What is it about the gospel that tempts people to feel ashamed? Even the Apostle Paul indicated that some people are going to feel this way (Romans 1:16). Tim Keller says in his book "Romans 1–7 for You" that there are four reasons modern Christians feel ashamed of the gospel:
What is saving faith, and how do you know if you have it? Paul answers that question by looking at the life of one of the most important figures in the Bible: Abraham. Abraham is the most important father of the faith in the world: Christians, Jews, and Muslims all point back to Abraham as an essential religious figure.
I’ve gotten this question countless times throughout my years of ministry. Usually, it’s not just a theological question. It’s personal. I cannot take away the sting of loss that these experiences bring. But I can offer a ray of hope from Romans 5:13.
Rejoicing comes from reminding yourself of something that you know. It’s amazing how many times in Scripture we are commanded to worship—and not just if we feel like it. Throughout the Psalms, the people of God are told to raise their hands in worship, to sing aloud, to shout, to clap—even to dance.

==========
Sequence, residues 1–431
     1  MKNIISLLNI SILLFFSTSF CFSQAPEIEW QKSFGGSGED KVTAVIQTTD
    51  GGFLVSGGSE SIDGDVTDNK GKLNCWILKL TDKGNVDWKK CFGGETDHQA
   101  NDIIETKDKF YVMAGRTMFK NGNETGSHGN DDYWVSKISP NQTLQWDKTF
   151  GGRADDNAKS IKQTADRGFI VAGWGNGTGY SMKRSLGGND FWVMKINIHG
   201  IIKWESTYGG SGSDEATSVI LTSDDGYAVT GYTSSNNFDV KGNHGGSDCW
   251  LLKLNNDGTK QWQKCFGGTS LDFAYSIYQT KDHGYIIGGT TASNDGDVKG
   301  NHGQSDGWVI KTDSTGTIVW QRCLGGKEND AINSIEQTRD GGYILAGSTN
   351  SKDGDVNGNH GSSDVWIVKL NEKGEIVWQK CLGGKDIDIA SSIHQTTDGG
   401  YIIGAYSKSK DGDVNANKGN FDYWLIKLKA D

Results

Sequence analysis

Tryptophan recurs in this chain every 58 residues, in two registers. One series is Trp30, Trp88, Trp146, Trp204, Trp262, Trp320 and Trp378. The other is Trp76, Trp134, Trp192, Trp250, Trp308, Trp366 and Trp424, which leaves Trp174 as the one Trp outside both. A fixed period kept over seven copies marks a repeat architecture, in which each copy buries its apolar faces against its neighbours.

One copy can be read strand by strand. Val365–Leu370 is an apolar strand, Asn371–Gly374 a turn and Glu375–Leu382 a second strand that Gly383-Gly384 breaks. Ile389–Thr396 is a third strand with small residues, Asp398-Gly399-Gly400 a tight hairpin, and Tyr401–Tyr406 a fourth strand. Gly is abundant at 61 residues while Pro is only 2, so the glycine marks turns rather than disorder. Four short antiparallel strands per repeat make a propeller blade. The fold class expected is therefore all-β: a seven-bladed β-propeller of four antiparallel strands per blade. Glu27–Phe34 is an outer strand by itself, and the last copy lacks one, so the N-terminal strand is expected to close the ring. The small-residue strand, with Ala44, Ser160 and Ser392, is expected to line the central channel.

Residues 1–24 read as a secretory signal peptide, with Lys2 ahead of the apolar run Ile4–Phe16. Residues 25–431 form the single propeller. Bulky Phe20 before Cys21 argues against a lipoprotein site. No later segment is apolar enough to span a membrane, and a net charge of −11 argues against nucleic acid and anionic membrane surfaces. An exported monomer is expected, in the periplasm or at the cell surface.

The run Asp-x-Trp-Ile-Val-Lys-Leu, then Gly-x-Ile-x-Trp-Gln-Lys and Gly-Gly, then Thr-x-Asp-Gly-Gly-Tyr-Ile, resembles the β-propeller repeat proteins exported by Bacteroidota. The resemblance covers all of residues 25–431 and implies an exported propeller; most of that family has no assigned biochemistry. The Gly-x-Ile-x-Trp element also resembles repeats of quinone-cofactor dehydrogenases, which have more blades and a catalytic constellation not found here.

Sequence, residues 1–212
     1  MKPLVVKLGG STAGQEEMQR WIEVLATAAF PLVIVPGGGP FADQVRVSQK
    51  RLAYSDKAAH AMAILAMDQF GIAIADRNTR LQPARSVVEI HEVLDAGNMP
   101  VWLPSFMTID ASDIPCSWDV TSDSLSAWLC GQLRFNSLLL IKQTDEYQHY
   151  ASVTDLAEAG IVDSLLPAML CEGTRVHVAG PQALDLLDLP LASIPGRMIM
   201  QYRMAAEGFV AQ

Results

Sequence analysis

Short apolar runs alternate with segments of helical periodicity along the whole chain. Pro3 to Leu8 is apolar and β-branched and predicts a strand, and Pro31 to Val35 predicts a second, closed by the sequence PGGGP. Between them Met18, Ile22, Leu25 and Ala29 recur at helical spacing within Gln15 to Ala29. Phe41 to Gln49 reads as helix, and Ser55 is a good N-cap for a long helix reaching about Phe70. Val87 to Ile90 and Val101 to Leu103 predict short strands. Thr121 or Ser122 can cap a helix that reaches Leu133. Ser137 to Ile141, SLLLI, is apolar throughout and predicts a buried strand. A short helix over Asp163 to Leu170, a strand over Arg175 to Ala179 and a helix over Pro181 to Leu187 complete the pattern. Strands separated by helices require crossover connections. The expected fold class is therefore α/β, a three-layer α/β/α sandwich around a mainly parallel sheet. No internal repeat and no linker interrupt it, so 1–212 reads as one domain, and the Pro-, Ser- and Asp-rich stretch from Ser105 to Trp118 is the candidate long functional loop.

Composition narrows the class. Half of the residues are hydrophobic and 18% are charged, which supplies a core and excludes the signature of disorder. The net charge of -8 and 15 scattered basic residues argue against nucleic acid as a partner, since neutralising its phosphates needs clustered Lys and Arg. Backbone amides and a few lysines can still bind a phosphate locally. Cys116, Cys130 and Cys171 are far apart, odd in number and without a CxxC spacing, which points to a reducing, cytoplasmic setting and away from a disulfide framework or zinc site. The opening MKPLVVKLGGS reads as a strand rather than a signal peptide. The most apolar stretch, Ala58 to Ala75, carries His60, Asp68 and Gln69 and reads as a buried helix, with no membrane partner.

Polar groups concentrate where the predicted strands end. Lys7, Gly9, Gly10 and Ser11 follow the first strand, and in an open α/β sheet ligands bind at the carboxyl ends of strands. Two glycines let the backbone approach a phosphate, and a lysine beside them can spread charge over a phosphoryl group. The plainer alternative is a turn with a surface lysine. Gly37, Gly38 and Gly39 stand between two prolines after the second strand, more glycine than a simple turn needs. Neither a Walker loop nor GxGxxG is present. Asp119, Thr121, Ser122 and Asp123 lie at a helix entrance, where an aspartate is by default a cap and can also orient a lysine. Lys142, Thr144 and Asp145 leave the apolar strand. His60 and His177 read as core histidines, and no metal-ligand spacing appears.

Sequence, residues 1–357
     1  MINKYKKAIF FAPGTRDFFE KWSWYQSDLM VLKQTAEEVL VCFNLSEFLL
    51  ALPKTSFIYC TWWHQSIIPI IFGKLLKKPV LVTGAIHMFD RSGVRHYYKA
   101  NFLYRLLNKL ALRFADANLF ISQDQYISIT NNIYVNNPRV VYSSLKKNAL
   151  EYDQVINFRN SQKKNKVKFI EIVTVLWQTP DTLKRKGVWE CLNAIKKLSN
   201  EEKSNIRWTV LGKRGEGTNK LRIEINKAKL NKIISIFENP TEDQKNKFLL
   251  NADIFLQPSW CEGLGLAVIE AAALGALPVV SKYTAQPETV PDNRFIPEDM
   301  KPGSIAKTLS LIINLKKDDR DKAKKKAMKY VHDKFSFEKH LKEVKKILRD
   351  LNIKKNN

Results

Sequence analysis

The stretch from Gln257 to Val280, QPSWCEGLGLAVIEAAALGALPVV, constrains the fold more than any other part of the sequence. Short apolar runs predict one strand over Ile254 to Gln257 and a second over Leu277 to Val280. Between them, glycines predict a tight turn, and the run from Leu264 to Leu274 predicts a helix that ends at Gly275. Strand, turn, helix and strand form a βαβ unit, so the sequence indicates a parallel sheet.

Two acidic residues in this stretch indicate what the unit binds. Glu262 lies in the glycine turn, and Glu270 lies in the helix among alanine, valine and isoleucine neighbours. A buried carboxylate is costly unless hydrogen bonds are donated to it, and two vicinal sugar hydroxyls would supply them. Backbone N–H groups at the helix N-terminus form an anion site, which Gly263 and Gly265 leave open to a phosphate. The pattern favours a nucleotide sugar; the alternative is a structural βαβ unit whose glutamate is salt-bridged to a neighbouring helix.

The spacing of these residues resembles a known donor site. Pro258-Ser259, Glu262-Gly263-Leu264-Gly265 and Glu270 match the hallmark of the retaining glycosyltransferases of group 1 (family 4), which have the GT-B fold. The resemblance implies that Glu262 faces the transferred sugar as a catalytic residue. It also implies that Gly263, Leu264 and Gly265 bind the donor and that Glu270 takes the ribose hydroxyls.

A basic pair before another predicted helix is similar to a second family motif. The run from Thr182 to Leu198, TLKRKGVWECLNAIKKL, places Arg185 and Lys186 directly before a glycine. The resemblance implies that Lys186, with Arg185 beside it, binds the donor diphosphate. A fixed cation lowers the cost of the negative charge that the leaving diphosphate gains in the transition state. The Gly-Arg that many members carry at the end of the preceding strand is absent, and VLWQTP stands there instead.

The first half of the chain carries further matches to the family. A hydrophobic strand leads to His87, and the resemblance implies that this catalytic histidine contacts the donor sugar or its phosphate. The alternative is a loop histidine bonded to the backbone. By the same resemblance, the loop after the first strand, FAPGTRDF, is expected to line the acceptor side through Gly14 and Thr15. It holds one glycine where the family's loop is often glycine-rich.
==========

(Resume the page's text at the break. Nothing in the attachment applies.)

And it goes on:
When we have truly been saved, good works will always follow. When Jesus takes up residence in our lives, it should make a difference. Paul teaches that we are saved by faith alone, but the faith that saves is never alone. Faith is always accompanied by good works.
That’s a picture of the human race: We feel exposed, unacceptable, and ashamed. Our whole lives are spent as a quest to re-clothe ourselves. We’re always looking for what sets us apart and makes us “right.” We’re always looking for something to validate us, something to prove that we’ve earned our place in this world.